View Profile
« Reply #8 on: Oct 11, 2010, 08:17PM »

All the way at the end of the flare opposite the slide - as if got whacked while being carried.  It's not large - I didn't spot it until I got the horn home.

Logged

Dan Walker
I'm warning you - I have a trombone and I'm not afraid to use it...
ssherwick

*
Offline Offline

Location: Minnetonka, Minnesota
Joined: Sep 30, 2006
Posts: 889

View Profile
« Reply #9 on: Oct 11, 2010, 09:56PM »

Ringing at a single tone is almost always caused by something loose, a solder joint at a brace could just be hanging on, there could actually be a solder ball loose in a bell brace, the bell rim wire could be loose. You're basically hitting a harmonic and just like crystal the bell is ringing with it.

Have some one hold the horn in various locations and see if the ringing goes away. You should be able to get close the the spot.

Or take it to a tech and play it for him/her and have the tech listen for it.

It's usually pretty obvious when you find it.

I have a Bach 42 that has a loose solder joint at the bell brace that sings like mad when I play High B flat. I have to have it soldered sometime I guess, I just stuck a piece of paper in between the brace and the bell for the moment to shut it up.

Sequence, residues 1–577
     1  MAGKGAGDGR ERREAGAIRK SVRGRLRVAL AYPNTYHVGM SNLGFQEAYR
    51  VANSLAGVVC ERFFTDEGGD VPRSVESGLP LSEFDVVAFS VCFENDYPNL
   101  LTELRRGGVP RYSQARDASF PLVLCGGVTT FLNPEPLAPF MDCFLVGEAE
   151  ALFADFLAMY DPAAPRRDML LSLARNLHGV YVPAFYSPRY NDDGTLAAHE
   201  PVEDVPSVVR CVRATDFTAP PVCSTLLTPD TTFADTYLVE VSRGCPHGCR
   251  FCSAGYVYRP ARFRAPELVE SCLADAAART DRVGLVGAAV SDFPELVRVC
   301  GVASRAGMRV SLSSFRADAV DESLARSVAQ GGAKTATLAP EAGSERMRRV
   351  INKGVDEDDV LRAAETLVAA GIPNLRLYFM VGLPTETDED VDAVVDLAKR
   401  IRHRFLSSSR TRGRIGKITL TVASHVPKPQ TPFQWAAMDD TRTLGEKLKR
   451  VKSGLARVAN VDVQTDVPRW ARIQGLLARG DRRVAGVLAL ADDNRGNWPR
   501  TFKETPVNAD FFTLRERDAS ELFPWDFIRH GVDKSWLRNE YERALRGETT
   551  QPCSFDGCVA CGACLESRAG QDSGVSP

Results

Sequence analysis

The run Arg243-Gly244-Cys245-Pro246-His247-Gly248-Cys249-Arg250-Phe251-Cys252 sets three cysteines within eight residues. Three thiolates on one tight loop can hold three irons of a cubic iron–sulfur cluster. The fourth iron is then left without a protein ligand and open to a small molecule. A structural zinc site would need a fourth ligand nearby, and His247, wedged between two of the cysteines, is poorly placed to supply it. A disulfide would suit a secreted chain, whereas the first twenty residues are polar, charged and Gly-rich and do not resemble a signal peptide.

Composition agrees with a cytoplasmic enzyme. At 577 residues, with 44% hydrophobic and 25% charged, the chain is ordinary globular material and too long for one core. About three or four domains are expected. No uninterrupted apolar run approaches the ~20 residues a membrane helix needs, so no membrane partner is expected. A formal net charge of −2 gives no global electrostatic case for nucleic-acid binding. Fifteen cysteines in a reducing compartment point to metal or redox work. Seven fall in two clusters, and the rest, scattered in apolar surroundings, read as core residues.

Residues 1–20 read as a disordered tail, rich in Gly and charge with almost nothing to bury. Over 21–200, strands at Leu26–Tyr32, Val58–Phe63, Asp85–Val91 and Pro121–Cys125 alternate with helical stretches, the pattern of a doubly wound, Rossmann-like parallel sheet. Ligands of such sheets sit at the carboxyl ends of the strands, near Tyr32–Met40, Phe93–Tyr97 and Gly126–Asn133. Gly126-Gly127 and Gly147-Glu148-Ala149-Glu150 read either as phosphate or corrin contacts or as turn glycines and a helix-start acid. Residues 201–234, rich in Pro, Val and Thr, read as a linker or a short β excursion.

Logged
Doghouse Dan

*
Offline Offline

Location: Winchendon, MA
Joined: Apr 21, 2003
Posts: 580

View Profile
« Reply #10 on: Oct 12, 2010, 06:45AM »

I can play one of the offending G's one handed in fourth position, and damp different parts of the horn with my left hand. I found I could kill the ring by damping the bell midway between the bell flange and the end of the horn, nowhere near any solder or potential loose stuff.

By the way, the bell rings on the same pitch when I ping it with my fingernail.
Logged

Dan Walker
I'm warning you - I have a trombone and I'm not afraid to use it...
BGuttman
Mad Chemist

*
*
Offline Offline

Location: Londonderry, NH, USA
Joined: Dec 12, 2000
Posts: 51538
"Almost Professional"